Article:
Among the list of pests that DE has been used successfully to control are:  ants, termites, slugs, snails, fleas, fly maggots, aphids, bed bugs, mites, ticks, cockroaches, earwigs, scorpions, cutworms, ear worms, lawn grubs and grasshoppers.  Complete insect control may take several days, and re-application may be necessary after a heavy rain.  Unlike chemical insecticides that act fast and have a short residual effect, DE works slower while remaining active and nontoxic as long as it remains in the environment.  DE is not harmful to earthworms, but unfortunately is detrimental to honeybees and other beneficial insects.  It is suggested to not apply to flowers.

 

The addition of Silica (the main mineral component of DE) has been proven to have beneficial effects to soils and to plant growth.  Over the years, through intense agricultural use of the land, silica has been depleted. This not only effects plant growth but the amount of silica found in our foods.  Studies suggest that only about 1/3 of the silica that we need is present in our fruits and vegetables.  Silica is a necessary component for the health of our tendons, cartilage, blood vessels, and bones. It is also needed for the health and strength of our skin, teeth and nails and contributes to the health of almost all of our vital organs, including the heart, liver and lungs. 

 

One of the oldest uses of diatomaceous earth has been cosmetically, as a toothpaste and facial scrub, due to its mild abrasive capacities, although its list of benefits for humans is extensive.  It has become most popular for its use in the elimination of internal parasites in humans and in animals, removing intestinal invaders and other harmful substances from the digestive tract, and stimulating digestion and the absorption of nutrients by sweeping foreign bodies out of the system.  It has gained even more popularity recently as a natural detox substance for humans.

 

Since 80% of DE’s volume is made up of interconnected pores and voids, its use as a filtering, filler and absorption material is well known.  Because of these qualities, DE is also used in baking mixes, shoe polish, cosmetics, body powders, cat litter, water filters, metal polishes, soaps, potting soil conditioners, hand cleaners, and beers and wines are filtered through it. Diatomaceous earth is FDA approved for internal and external use and has a rating of Food Chemical Codex Grade.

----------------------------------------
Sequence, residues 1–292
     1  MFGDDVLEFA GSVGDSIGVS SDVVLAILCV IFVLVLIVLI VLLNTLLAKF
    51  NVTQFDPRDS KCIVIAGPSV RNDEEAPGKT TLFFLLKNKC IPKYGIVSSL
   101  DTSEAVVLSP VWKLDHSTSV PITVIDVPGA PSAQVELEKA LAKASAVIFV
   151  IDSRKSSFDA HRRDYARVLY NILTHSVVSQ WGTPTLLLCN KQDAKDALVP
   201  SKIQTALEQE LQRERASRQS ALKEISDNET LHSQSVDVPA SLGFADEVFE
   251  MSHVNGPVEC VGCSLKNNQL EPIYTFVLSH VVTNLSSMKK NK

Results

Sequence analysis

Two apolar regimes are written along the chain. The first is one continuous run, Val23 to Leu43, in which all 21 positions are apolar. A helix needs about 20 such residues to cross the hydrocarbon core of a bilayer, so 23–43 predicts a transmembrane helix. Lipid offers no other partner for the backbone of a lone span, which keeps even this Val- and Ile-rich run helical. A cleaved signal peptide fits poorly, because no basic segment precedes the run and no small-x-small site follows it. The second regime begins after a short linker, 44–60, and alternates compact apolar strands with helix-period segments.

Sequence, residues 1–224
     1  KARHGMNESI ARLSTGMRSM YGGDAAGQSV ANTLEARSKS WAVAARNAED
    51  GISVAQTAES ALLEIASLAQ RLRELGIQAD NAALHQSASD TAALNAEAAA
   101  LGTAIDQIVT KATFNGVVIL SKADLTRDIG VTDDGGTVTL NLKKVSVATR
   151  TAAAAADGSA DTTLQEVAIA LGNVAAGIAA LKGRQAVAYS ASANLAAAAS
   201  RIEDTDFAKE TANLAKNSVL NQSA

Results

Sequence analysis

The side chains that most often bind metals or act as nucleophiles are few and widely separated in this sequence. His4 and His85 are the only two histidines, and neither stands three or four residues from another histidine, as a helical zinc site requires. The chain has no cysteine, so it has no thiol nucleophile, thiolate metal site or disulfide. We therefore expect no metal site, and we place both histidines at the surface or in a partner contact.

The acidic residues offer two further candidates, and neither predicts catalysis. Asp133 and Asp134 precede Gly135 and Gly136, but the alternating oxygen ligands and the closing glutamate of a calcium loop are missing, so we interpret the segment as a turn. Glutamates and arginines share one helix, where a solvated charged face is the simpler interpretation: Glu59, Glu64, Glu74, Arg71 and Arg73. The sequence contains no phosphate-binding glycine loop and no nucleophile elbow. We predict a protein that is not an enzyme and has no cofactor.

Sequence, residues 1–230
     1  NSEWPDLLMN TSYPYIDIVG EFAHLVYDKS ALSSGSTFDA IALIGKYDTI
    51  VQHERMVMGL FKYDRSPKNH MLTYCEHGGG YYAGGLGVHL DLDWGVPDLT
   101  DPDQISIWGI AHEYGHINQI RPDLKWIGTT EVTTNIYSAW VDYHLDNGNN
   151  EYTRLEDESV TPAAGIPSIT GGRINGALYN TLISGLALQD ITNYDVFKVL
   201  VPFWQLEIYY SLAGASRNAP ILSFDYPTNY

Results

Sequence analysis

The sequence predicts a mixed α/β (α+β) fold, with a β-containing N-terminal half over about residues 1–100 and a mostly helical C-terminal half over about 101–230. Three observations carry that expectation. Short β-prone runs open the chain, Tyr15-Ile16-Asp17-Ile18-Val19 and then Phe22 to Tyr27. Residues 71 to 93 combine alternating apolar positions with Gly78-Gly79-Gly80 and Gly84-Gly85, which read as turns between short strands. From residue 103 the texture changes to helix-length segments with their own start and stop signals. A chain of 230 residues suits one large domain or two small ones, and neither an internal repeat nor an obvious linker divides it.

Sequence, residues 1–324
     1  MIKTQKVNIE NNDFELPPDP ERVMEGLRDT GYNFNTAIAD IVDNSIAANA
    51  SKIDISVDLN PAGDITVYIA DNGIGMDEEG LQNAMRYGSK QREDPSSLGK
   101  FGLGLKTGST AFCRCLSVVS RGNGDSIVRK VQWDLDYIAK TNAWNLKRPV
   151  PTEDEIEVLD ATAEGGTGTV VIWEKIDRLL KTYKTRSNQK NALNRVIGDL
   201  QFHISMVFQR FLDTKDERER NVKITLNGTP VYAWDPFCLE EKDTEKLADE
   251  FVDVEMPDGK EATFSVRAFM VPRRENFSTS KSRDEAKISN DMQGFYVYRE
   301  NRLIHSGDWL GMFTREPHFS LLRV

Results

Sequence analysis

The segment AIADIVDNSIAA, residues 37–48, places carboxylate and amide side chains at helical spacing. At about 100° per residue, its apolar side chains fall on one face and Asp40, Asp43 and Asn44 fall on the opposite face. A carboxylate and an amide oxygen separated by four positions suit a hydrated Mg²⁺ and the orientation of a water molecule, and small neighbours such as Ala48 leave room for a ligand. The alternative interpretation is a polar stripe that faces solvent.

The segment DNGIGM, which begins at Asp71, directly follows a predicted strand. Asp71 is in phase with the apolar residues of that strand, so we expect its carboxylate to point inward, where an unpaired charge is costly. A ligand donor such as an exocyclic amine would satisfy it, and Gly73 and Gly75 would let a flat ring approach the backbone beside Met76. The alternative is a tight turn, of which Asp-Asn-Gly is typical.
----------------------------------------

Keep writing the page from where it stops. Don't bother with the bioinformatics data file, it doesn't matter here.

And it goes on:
The majority of swimming pool filtration systems now use “Pool Filter Grade” diatomaceous earth that has been heat and chemically treated and is toxic to animals or humans who ingests it.  It is always of utmost importance to only obtain “Food Grade” diatomaceous earth to use in and around your household or for animal or human use.  A local supplier of “Food Grade” DE here in the Quepos area is Johnny McDaniel at 2779-1103.  The only dangers that have been reported from the use of DE are through excessive inhalation or exposure to the eyes.

 

This incredible, natural, fossilized plant substance called Diatomaceous Earth has too many properties and benefits to list or to write about in one short article.  There is a wealth of information available on the web. For more in-depth scientific information and data, use “Melosira” in your google search.

 

Experimenting with natural substances like Diatomaceous Earth for use in the garden will be of major interest at the future botanical garden, so that these test results can be passed on to our visitors for their own benefit and for the benefit and safekeeping of our garden and natural environment as well.

 

Donna is a Horticulturist and has been living and working in Manuel Antonio for 8 years.  She consults, designs, installs and maintains gardens for private homes and hotels and also develops botanical trails. Donna is the founder and first Director of the Botanical Garden of the Ozarks and is pursuing the development of a botanical garden in, and for, the Quepos area.   dpdreamer@yahoo.com,  2777-5149


One Response to “A Micro-Plant from the Past for Present and Future Use”

  1. Julie Foster said:

    Hello,
    I live in San Isidro del General (Pérez Zeledón). I am looking for a supplier of “Food Grade” Diatomaceous Earth for various purposes. I would like to get a large amount. Can you help me and/or send me the emil address of Johnny McDaniel.
    Thank you very much.
    Julie Foster